In this invention, a rack is provided preferably formed of sheet metal, with nothing to break or wear out, and consisting of a flat planar bottom plate which rests on the wire grille of the frozen food case and a flat planar support plate bent upwardly and inclined slightly rearwardly from the front edge of the bottom plate, preferably at about an angle of eighty degrees.
Each bottom plate includes at least two side by side, spaced apart, punched out, cut out, or slit out tabs of generally rectangular configuration, bent downwardly and rearwardly so as to pass through the space between a pair of adjacent grille wires, running from side to side of the case, and to then underlie the rear wire of the pair.
Thus, the support plate of the rack supports a plurality, or stack, of frozen food packages leaning thereagainst, and resting on one side edge and in shingled formation so that the front panel of the front package is visible and readable from the front of the case. The rack is not movable rearwardly because of its depending tabs, but a special hook is provided so that the rack and packages leaning thereagainst can be moved to the front of the case as the supply becomes depleted.
FIG. 1 is a fragmentary perspective view of the racks of the invention in use on a wire grille shelf in a frozen food case, one rack being moved forward by the special hook;
FIG. 2 is a rear elevation of a shelf, racks and frozen food packages;
FIG. 3 is a side elevational view of a shelf, rack and packages;
FIG. 4 is an enlarged side elevational view of one of the racks of the invention; and
FIG. 5 is a top plan view of the rack shown in FIG. 4 with part broken away.
As shown in FIG. 1, a frozen food case 21, having a door 22, at the front 23, side walls 24 and 25, and a rear wall 26, is provided with one or more wire grille shelves 27, formed of a plurality of parallel wires such as 28 or 29, running from side to side and usually having a plurality of wire supports such as 31 and 32, normal thereto and running from front to back. The spaces between the parallel wires 28 or 29 are designated 33.
The one piece rack 34 of the invention is formed of sheet material such as metal 35, and comprises a flat planar bottom plate 36, which rests on the shelf 27, and an integral flat planar support plate 37, bent upwardly from the forward edge 38 of the bottom plate, preferably at an angle of about eighty degrees thereto, so as to tilt slightly rearwardly. The bottom plate 36 is provided with at least two integral tabs 39 and 41, punched, slit, or cut out of the material thereof and bent downwardly and rearwardly therefrom, each tab terminating in a blunt tip 42 or 43, and being generally rectangular in plan.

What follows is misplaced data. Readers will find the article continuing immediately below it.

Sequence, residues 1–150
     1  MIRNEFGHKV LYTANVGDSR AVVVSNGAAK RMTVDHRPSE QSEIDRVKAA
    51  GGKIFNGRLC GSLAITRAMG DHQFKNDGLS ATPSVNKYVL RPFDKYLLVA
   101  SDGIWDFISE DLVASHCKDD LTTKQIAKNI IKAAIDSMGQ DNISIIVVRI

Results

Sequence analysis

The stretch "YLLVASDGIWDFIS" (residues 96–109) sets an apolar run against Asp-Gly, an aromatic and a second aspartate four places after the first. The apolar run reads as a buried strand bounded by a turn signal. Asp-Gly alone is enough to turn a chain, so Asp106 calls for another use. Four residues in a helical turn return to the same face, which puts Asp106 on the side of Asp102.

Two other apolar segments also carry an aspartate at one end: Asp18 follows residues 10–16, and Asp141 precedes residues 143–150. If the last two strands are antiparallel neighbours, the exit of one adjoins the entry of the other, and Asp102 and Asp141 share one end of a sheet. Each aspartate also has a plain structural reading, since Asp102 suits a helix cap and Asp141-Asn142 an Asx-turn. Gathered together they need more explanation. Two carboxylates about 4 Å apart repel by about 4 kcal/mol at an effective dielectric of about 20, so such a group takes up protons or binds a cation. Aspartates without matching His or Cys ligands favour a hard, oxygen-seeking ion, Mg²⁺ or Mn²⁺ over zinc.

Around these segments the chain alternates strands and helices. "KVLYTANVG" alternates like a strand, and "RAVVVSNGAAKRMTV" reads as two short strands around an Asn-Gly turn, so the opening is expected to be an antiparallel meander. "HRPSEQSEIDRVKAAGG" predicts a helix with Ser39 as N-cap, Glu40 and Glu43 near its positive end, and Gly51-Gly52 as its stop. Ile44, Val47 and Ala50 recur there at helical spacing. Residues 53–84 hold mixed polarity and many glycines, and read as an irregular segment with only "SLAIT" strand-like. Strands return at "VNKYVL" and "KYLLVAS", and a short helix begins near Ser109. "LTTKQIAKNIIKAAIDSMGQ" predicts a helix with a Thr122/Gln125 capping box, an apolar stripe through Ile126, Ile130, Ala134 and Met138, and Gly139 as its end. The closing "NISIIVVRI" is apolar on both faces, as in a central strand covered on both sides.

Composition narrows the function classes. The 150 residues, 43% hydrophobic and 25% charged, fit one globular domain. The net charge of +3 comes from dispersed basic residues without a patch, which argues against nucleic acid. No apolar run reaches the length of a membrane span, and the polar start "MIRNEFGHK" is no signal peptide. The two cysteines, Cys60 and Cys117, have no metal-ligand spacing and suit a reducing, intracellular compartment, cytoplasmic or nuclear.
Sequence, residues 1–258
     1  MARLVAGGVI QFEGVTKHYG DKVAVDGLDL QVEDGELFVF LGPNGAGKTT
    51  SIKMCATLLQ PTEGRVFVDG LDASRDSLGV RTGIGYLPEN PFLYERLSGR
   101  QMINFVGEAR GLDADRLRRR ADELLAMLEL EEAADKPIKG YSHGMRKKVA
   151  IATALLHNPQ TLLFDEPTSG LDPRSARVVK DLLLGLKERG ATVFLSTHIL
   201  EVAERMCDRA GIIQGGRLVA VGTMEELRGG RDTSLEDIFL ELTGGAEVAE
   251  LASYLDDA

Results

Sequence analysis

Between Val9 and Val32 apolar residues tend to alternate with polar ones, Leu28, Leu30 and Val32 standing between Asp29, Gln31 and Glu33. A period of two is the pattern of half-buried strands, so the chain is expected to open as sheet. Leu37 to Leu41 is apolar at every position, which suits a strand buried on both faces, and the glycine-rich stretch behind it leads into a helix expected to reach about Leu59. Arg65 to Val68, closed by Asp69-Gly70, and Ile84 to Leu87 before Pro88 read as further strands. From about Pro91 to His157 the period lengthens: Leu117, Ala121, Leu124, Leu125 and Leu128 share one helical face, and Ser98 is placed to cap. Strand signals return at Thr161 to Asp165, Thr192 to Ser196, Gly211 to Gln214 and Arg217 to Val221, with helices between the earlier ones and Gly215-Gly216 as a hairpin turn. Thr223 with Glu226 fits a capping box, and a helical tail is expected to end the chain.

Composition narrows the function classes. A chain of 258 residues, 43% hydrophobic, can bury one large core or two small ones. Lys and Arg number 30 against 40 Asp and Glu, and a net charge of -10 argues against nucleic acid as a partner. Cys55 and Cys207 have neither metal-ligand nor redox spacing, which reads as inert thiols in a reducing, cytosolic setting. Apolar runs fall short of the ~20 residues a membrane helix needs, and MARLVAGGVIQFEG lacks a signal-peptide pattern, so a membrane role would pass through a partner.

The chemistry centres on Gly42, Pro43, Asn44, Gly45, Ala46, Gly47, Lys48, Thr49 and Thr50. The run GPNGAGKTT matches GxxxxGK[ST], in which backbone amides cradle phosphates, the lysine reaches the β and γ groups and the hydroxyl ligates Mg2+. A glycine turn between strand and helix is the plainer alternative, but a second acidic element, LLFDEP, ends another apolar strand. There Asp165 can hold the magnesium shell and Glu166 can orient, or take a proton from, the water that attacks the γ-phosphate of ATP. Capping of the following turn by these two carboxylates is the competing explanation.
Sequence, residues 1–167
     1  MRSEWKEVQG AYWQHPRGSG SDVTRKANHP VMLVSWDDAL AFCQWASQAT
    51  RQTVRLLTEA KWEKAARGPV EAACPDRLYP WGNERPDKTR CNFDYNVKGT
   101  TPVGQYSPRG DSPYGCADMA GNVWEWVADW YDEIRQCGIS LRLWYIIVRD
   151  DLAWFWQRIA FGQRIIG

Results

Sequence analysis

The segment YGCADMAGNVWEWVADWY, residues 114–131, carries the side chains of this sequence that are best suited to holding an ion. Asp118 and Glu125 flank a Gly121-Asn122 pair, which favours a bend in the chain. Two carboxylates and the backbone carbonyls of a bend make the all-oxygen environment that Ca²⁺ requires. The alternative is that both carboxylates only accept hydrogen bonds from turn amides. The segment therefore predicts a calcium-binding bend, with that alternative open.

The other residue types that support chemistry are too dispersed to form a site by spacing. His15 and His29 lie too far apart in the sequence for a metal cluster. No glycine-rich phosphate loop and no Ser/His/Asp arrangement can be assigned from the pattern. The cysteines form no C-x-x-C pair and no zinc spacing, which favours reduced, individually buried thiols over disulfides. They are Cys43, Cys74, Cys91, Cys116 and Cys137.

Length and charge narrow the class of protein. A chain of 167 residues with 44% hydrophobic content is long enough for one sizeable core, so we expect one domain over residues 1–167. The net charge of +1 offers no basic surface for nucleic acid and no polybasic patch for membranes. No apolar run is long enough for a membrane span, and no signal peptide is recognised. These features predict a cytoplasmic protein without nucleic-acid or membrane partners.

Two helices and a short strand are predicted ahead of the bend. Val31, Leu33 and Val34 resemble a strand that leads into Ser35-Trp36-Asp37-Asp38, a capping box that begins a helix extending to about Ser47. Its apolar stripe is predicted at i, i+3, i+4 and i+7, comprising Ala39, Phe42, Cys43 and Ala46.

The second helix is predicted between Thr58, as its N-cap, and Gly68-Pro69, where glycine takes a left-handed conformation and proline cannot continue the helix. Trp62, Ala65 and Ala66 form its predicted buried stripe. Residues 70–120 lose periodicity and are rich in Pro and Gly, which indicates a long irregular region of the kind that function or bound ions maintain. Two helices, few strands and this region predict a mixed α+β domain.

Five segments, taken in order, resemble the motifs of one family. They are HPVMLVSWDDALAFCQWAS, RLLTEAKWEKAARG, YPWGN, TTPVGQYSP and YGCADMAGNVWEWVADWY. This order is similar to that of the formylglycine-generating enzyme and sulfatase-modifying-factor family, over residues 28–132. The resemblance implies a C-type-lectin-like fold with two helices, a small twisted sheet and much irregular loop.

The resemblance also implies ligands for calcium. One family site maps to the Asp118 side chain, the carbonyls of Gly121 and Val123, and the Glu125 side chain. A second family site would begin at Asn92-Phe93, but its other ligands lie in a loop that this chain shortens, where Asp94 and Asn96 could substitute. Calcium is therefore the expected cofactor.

The blunt tipped, rectangular tabs 39 and 41 of each rack are shaped and dimensioned to pass through a space 33 between a pair of parallel wire 28 and 29 of the shelf 27, and to underlie the rear wire such as 29, to prevent rearward tilting or rearward movement of the rack, but to permit ready forward movement toward the front 23, of the case 21, to a new position anchored in a space between a new pair of wires.
The racks 34 support one or more frozen food packages such as 44, 45, and 46, in what I call shingled formation with the rear most package 44 having its rear panel 47 resting against the upstanding, rearwardly inclined support plate 37, the package leaning rearwardly and supported on one side edge 48, and the front panel 49, of the front package 51, of the stack clearly visible and readable through the transparent doors 22, of the case to encourage impulse buying.
As shown in FIG. 1 a special hook 52 is provided having an elongated shank 53, with a handle 54 at one end 55, and having the other end 56 angularly to the shank at an angle of about eighty degrees. When the supply of packages 44, 45, or 46 supported on a rack 34, becomes partially depleted, the store personnel may reach through door 22 into case 21, and pull the entire rack 34, with any packages supported thereon to the front of the shelf 27, by the hook 52.
In operation therefore, the frozen food packages in the case are quickly and easily positioned with their racks to face the front, thereby reducing labor cost, and increasing sales of the product. Customers can see the pictured product on the front panel of the front package supported by the rack, read the price, brand name, weight, and product title without moving the package or opening the door of the case to admit ambient air. The case always appears full to the front as the rack and packages are successively moved forward and the packages are always supported on edge, so long as the tabs of the racks releasably embrace one of the wires of the shelf.
The upwardly and rearwardly inclined support plate 37 and the downwardly and rearwardly inclined tabs 39 and 41 of each rack 34, extend in planes parallel to the wires 28 and 29 of the shelf 27. Thus, the rack can easily be drawn forwardly from wire to wire, but is prevented from rearward movement by the tabs.